A doctor’s failure to properly diagnose a patient can be grounds for a medical malpractice suit, but not all misdiagnoses are necessarily considered medical malpractice.
Let us help you understand if you or a loved one has claim to a medical malpractice suit.
Types of Diagnosis Errors
First of all, there are a few different types of misdiagnoses. A doctor could:
- Fail to diagnose a health issue even when symptoms are present and apparent
- Diagnose a health issue in a delayed manner
- Misdiagnose the issue entirely, or fail to take other health issues into account during
- Fail to make a second diagnosis, if applicable
While even the best doctors occasionally make mistakes, if they did not do their due diligence, it could be considered medical malpractice.
Making a Medical Malpractice Claim
To make a claim, there are certain qualifications that are required for a successful malpractice suit. First, there needs to be an established doctor-patient relationship wherein the doctor failed to meet the expected standard of care. Second, the failure to properly diagnose must lead to injury or exacerbated health issues.
If it is determined that a claim should be made, there is certain information that the plaintiff needs in order to make their case. As part of the methodology of diagnosing a patient, a doctor makes a list of possible diagnoses and tests them by asking the patient questions or ordering the appropriate tests. The plaintiff must show that the doctor did not do their due diligence either by not including the right diagnosis on the list, or by not ordering the appropriate tests to arrive to the correct conclusion. Furthermore, the plaintiff must show that a reasonable doctor would not have made the same mistake, which will require an expert opinion.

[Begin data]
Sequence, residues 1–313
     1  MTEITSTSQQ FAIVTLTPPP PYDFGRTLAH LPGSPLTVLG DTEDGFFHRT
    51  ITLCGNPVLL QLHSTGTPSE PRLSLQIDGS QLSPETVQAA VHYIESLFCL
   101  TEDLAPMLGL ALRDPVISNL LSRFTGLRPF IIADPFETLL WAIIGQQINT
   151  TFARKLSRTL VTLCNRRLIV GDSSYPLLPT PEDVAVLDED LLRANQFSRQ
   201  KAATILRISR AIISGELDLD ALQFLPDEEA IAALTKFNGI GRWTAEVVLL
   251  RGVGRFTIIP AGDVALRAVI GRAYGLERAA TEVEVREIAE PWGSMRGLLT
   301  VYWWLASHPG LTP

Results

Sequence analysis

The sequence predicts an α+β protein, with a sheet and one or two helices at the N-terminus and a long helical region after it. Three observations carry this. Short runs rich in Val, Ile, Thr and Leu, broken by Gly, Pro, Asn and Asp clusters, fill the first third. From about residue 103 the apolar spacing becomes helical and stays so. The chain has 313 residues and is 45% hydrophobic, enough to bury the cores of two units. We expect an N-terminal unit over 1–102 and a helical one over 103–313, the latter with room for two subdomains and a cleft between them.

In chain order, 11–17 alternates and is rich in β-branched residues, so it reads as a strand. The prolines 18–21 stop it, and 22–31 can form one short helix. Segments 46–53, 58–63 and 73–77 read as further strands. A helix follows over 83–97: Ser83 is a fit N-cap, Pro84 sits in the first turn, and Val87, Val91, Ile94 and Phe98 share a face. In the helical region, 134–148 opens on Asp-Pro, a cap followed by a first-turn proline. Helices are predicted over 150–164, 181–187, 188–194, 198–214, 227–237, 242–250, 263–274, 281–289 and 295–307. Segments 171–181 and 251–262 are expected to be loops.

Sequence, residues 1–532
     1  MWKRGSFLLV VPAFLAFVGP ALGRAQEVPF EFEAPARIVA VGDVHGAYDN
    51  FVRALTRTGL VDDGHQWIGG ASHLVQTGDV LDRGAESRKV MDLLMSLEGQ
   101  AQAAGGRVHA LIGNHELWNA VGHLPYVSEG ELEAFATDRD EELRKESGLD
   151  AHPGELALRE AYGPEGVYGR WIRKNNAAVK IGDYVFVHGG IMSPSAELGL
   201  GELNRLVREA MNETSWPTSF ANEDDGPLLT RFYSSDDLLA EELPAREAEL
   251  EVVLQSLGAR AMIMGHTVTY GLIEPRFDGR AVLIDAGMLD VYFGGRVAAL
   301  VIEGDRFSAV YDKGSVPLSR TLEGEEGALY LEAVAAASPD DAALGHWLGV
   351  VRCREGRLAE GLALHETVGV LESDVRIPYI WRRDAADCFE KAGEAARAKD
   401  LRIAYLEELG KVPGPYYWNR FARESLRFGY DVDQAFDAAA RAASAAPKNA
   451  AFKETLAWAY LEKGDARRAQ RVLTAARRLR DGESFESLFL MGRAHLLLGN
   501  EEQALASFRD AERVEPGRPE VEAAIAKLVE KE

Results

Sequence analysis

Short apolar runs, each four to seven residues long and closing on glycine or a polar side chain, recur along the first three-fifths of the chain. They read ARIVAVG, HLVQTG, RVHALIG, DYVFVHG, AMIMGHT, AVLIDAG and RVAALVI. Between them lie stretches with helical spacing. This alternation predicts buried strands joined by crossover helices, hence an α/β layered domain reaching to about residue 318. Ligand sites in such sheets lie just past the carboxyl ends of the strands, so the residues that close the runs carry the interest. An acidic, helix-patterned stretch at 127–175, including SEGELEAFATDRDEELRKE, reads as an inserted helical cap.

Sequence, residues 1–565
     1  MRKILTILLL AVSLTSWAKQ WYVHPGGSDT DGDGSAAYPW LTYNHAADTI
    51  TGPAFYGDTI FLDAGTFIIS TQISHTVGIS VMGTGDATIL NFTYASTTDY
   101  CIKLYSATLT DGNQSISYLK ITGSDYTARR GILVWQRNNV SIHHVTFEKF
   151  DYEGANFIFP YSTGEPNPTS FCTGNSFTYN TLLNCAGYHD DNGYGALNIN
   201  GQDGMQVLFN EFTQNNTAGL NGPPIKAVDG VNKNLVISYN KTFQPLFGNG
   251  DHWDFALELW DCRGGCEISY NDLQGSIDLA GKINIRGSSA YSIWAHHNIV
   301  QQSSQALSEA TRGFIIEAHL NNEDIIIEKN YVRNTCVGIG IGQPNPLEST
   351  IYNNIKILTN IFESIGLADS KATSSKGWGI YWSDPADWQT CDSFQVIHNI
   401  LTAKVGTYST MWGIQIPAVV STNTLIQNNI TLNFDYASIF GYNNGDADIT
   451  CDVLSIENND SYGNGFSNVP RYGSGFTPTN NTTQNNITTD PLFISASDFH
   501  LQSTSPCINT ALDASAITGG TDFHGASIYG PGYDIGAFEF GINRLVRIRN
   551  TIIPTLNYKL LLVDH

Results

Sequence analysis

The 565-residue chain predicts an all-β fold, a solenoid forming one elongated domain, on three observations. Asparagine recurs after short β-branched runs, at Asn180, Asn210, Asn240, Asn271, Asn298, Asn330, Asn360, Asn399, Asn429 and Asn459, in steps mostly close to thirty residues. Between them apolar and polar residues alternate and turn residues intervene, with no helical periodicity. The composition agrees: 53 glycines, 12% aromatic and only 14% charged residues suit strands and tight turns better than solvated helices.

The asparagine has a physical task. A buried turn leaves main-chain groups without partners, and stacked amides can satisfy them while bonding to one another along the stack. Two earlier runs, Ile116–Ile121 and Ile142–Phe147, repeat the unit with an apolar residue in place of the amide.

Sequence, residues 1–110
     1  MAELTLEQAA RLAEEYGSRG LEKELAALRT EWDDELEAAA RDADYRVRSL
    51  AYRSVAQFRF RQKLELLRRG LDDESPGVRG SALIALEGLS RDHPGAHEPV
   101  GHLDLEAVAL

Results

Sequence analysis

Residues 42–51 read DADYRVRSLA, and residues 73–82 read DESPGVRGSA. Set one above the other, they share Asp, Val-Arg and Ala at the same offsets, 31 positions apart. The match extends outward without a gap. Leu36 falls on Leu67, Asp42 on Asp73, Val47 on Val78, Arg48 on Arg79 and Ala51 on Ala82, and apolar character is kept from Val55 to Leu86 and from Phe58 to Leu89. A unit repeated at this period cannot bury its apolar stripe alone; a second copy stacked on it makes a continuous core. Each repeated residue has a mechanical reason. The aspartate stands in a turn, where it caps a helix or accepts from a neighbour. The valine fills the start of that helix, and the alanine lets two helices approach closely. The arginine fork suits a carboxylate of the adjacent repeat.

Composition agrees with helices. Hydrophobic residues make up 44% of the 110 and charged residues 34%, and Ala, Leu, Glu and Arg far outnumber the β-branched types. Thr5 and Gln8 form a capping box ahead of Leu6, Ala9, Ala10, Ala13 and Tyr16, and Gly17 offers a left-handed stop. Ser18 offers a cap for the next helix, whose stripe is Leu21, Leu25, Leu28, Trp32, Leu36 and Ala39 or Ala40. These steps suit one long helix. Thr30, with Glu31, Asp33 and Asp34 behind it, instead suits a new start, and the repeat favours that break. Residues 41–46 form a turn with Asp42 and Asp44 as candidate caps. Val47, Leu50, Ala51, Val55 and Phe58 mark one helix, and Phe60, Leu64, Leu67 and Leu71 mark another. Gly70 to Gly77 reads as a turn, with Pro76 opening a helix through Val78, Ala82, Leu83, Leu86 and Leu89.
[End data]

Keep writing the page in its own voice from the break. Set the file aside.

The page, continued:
Things to Keep in Mind While Filing a Claim
There are some other factors to keep in mind when considering a malpractice suit. Occasionally, it is the fault of another doctor, lab technician, or hospital staff that lead to incorrect test results or reporting that could ultimately lead to a misdiagnosis. In that case, that staff member or the hospital themselves could be held liable. Additionally, if a misdiagnosis happens in an emergency room setting, there are often more protections for doctors as they are in a high-stress situation that does not allow for as much testing or question-asking as a non-emergency room setting does. Additionally, doctors themselves cannot be held liable in emergency room malpractice suits, so the hospital would be the defendant.
Remember, each state has different laws regarding the statute of limitations on medical malpractice suits. In Florida, the cap for non-economic damages awarded for pain and suffering is set at $1 million. Additionally, a suit must be filed within four years of the malpractice incident occurring. This is why it is so important to contact a lawyer as soon as possible after an incident of medical malpractice.
If you believe you’ve been involved in medical malpractice, be sure to contact Cohen and Cohen Law today to see how we can help.